Private and institutional collecting

Over the centuries, Chinese have collected art and rare objects for self-cultivation, social status and as an alternative store of wealth. Rulers and well-to-do families have been patrons of artists. Possession and knowledge of art have long been a sign of sophistication and position. During many periods artworks have served as gifts of the highest prestige, and the most important pieces have commanded values equivalent to the homes of the elite.

Traditionally, collections have been held in very private circumstances and access granted only in consequence of relationships or friendship. Along with private theatricals and dinners, shared viewing of artworks was one of the refined social encounters of the traditional elite.

In addition to private collecting among the gentry, over successive centuries much art entered imperial or princely collections – and its concentration in palaces risked periodic large-scale loss through fire and warfare. Both private collectors and noble ones commissioned copies and catalogues of their paintings, as well as adding seals and mountings that established a lasting physical connection with the pieces in their collection.

During the difficult times of the 20th century, however, private collecting in China declined and many artworks were taken abroad. Important private and institutional collections were created in Japan, Taiwan and the United Sates, and dealers were active in major cities. In time, an overseas auction market was also established, centred in New York. An important collector, connoisseur and dealer of this period was CC WANG 王己千 (1907-2003) who converted his family's Shanghai real estate into cash, and then paintings, before leaving for New York in the late 1940s. Through subsequent sale and donation, Wang's paintings have become a key part of the Chinese collection at the Metropolitan Museum of Art, New York.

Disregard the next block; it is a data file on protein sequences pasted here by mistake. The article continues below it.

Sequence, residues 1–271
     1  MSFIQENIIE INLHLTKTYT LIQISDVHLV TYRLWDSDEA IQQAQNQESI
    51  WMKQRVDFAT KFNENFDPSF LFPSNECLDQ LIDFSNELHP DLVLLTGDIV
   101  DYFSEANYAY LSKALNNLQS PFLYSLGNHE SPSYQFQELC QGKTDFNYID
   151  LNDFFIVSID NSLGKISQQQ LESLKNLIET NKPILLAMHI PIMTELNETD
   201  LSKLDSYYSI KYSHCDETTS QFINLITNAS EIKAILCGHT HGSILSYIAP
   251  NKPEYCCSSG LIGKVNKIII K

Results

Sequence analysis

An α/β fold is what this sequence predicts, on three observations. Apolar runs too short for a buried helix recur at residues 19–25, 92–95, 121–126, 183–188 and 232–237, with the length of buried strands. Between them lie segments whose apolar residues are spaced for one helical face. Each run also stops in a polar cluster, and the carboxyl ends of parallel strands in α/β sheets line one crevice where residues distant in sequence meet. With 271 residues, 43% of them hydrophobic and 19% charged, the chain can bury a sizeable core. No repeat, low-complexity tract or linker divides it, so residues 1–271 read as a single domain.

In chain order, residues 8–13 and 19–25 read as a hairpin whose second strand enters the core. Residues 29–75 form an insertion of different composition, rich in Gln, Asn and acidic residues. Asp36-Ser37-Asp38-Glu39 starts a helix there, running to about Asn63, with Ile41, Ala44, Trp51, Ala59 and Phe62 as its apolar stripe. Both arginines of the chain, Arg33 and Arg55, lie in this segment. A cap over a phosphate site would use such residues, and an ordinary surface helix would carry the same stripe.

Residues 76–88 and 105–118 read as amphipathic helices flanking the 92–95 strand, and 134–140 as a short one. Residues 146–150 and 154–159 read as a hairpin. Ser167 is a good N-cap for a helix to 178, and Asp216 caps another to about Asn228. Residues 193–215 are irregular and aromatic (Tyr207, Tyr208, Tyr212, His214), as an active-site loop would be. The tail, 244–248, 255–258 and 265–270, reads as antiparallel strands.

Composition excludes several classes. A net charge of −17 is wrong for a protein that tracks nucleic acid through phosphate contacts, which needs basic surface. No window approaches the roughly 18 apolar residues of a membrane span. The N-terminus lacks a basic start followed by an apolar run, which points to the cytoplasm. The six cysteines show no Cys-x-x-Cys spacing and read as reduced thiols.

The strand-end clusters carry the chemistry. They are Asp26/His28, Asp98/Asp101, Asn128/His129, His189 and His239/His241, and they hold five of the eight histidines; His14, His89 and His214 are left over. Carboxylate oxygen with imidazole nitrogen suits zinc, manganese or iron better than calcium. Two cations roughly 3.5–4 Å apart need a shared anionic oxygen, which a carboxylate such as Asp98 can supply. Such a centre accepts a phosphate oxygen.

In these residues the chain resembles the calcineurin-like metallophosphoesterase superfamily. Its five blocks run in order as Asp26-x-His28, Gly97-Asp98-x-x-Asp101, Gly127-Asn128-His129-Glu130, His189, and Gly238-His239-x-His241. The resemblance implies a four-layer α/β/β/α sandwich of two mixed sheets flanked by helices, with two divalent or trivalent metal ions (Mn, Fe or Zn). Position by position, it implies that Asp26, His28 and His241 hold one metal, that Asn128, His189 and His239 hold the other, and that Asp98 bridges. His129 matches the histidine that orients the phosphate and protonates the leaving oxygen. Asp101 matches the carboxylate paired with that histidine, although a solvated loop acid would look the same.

Between 1950 and 1980 overseas institutional support and education developed substantially. In Japan, Taiwan and America museum professionals and academics took important steps to document and research Chinese Classical art. Academics and curators in America pioneered modern studies and published works that consolidated general interest in the field (some of the important texts are introduced in the Resources section of this website.) As a result of sustained and careful collecting during this period, the Metropolitan Museum of Art, the Nelson-Atkins Museum of Art, Cleveland Museum of Art and Boston Museum of Fine Arts now hold some of the finest examples of paintings and calligraphy from the Song, Yuan, Ming and early Qing periods. 

Since the mid-1990’s, China has seen a steadily accelerating development of private collecting, academic research, museum creation and markets. This was initially focused on contemporary and modern art, and is now expanding to include Chinese Classical art.